Loomis v. Wisconsin
In 2016, the Supreme Court of Wisconsin affirmed an order that the use of risk assessment software for sentencing violated a defendant's right to due process. See, State of Wisconsin v. Loomis , 881 N.W.2d 749 (Wis. 2016). The software used the Correctional Offender Management Profiling for Alternative Sanctions (COMPAS). Loomis was convicted for his role as a driver in a drive-by-shooting. He pled guilty. The Wisconsin Department of Corrections prepared a report which included bar charts generated with COMPAS showing the Defendant's risk for pretrial, general, and violent recidivism. The COMPAS assessment was referenced by the lower court at Loomis's sentencing. Loomis was sentenced to six years in prison and five years of extended supervision.
The Defendant's expert contended that because COMPAS was not designed to assist with sentencing, its use would lead a court to overlook a defendant's unique circumstances. COMPAS was designed to determine when individuals could remain in their communities rather than be incarcerated. The software's developer does not disclose how its software evaluates a person's risk for recidivism. The COMPAS training manuals state that it is not be used for sentencing.
The Wisconsin Court of Appeals certified two questions to the Supreme Court of Wisconsin:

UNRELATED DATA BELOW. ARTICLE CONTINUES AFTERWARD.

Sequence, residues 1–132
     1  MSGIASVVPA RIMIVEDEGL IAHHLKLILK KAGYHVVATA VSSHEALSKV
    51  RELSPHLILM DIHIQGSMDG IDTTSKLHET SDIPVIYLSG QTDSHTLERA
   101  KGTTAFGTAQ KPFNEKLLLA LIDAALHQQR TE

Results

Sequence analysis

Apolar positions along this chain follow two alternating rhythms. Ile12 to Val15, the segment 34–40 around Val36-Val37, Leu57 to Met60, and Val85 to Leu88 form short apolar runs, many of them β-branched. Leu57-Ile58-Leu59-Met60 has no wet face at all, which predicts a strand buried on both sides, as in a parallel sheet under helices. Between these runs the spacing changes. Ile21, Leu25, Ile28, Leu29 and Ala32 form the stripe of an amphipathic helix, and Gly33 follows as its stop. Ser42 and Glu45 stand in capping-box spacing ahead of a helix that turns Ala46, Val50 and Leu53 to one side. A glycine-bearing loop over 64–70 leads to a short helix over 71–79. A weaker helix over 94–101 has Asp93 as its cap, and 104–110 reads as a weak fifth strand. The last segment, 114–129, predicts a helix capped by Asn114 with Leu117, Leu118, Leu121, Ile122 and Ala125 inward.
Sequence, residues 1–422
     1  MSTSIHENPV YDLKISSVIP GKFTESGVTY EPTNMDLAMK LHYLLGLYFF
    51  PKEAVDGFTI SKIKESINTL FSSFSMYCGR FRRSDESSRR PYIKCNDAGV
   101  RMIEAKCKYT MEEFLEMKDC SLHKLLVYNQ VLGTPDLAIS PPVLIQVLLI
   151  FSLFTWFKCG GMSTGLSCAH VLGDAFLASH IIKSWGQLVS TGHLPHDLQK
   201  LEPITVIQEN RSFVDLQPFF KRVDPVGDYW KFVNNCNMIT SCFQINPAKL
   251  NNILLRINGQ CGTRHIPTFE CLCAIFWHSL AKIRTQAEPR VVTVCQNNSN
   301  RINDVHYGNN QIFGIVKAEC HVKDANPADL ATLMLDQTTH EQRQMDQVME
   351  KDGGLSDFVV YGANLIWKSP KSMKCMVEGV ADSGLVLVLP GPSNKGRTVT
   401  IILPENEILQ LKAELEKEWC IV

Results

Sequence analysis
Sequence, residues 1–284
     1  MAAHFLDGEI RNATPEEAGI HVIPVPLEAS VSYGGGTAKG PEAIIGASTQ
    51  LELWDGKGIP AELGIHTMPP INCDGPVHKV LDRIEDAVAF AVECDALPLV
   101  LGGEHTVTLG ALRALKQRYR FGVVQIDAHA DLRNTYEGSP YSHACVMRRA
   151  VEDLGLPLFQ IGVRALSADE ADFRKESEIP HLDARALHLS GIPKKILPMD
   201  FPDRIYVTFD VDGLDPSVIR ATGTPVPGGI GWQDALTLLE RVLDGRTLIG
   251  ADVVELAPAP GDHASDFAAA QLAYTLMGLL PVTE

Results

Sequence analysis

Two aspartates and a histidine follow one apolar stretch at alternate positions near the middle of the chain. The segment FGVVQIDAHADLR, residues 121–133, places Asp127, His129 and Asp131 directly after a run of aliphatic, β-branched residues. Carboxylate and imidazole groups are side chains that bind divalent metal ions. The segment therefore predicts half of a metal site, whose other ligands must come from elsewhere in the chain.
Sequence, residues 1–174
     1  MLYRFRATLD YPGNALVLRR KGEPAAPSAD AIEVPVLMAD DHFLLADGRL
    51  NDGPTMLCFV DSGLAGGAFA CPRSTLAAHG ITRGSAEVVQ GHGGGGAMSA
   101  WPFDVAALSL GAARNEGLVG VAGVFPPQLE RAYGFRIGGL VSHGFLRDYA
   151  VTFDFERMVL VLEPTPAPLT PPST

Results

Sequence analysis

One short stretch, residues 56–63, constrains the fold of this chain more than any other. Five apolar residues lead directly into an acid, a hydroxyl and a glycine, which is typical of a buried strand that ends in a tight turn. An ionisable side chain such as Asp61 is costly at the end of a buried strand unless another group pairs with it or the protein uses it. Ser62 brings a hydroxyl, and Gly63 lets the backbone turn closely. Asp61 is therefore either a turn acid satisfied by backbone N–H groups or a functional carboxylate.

1. Did the use of COMPAS at sentencing violate due process because the proprietary nature of the software prevents the Defendant from challenging its scientific validity?
2. Did the use of COMPAS at sentencing violate due process because the software took gender into account?
The Supreme Court of Wisconsin held that COMPAS risk scores could be used in sentencing because they were not the determinative factor in deciding if Loomis could be supervised in a local community and because the defense could challenge the scores. It was also found that Loomis did not meet the burden of showing that the court relied on his gender in issuing its sentence.
The Supreme Court of Wisconsin did however find that a court cannot rely on COMPAS in order to determine whether a defendant is incarcerated or to decide the length of his sentence. A court must explain the other factors in addition to the COMPAS risk assessment that it uses in sentencing. A presentencing investigation report should inform the court that how COMPAS weighs certain factors is proprietary; the scores rely on group data; studies of COMPAS show they may disproportionately classify minorities as having a risk for recidivism; COMPAS uses a national sample, without having a Wisconsin specific study; and COMPAS was not specifically developed for the purpose of sentencing.
The Supreme Court of the United States denied a petition for a writ of certiorari. See, Loomis v. Wisconsin, 137 S.Ct. 2290 (2017)